When I started in early February my goal was to allow Digit to automatically save money from my checking account and put it into my Digit savings. Whenever the amount in my Digit savings reached $75 I would transfer that money over to my Axos Invest account and invest it in their highly diversified set of ETF index funds.
Why was I doing it this way? I did it this way because Axos Invest has no minimums and you can buy fractional shares, so why not? I can transfer money in small chunks, and engage in a bit of dollar-cost averaging while I’m at it.
So how are things going now that we’re more than half the way through the year?
The Experiment In Progress
Once I had setup my Digit and Axos Invest accounts I put the plan in action and allowed my Digit account to start saving on my behalf. After a few days Digit had started saving small amounts in my account. There was $7.50 here, $15 there – as well as $5 deposits for referrals of friends and readers. Multiple transfers and deposits ended up adding up to larger amounts over a couple weeks time. The first time that I invested with Axos Invest I deposited $186 that had accrued in my Digit account.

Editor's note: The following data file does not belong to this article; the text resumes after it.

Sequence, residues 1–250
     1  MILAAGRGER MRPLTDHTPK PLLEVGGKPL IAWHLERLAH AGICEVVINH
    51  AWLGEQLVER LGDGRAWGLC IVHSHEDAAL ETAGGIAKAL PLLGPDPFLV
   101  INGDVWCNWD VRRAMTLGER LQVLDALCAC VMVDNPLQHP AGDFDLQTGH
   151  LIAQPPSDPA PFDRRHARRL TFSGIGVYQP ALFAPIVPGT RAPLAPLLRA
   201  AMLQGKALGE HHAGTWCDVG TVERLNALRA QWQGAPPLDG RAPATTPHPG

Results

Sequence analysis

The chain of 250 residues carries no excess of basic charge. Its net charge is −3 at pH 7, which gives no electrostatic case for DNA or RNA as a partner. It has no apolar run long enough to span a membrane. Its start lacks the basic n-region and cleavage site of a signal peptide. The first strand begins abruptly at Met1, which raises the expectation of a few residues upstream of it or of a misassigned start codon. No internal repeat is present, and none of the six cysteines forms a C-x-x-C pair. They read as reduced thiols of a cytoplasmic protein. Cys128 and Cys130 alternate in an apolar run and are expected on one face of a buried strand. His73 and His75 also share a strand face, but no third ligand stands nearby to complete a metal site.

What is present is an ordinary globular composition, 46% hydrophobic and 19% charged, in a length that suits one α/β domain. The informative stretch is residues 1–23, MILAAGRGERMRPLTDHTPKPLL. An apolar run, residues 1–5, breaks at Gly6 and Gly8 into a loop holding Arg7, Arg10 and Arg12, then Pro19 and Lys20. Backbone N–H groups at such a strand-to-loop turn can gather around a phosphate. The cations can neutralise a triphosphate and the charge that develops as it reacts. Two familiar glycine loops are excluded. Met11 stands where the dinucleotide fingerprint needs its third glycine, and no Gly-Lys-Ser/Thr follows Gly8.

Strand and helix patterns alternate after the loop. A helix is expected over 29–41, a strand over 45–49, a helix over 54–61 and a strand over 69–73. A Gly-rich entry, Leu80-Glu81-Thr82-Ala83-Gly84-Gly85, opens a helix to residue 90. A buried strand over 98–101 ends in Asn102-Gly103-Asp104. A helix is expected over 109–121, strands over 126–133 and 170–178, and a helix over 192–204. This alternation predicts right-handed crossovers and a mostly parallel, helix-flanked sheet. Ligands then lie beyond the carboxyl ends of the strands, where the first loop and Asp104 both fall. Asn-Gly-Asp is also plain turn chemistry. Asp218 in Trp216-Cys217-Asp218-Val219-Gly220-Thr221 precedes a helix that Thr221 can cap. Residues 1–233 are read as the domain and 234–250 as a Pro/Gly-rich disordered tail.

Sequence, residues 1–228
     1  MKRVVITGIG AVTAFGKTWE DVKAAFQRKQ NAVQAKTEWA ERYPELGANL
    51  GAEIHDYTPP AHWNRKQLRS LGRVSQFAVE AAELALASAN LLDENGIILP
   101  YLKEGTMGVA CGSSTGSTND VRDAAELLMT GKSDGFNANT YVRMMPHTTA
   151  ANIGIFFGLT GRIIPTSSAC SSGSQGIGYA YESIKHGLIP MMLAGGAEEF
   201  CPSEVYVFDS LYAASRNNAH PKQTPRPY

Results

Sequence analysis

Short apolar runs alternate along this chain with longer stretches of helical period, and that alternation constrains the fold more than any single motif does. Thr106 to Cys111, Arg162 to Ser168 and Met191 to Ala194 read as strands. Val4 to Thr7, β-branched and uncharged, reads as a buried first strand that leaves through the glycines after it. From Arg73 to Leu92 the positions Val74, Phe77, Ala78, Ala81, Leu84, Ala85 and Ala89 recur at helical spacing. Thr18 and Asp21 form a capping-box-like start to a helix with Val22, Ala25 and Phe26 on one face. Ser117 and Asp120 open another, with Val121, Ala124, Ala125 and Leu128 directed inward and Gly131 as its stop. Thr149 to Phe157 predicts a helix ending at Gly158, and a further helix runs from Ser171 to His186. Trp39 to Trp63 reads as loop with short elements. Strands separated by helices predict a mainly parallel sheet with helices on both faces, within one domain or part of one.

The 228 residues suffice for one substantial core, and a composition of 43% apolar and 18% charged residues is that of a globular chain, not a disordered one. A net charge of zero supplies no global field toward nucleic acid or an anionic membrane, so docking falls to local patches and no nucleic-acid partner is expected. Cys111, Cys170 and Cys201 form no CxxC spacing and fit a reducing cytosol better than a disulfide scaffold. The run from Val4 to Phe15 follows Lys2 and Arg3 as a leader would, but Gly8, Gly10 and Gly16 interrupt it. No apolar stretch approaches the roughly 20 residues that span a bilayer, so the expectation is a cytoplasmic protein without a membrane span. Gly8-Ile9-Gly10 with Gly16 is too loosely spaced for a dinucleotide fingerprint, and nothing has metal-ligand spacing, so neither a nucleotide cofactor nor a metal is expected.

From then on every time the amount reached around $75 or more, I would transfer the money to Axos Invest.
Amounts Withdrawn And Invested So Far
I’m now just over 5 1/2 months into my little experiment, and so far I’ve withdrawn my Digit savings balance and invested it in my Axos Invest Roth IRA 14 times. The amounts were:
Here’s a screenshot from my Digit account showing my latest withdrawal for the purpose of investing.
After withdrawing the money I then transfer it from my checking account over to Axos Invest. Here’s a screenshot of one of my latest deposits with Axos Invest. In the screenshot you can also see how deposits are then used to purchase fractional shares of the ETF index funds used in the account.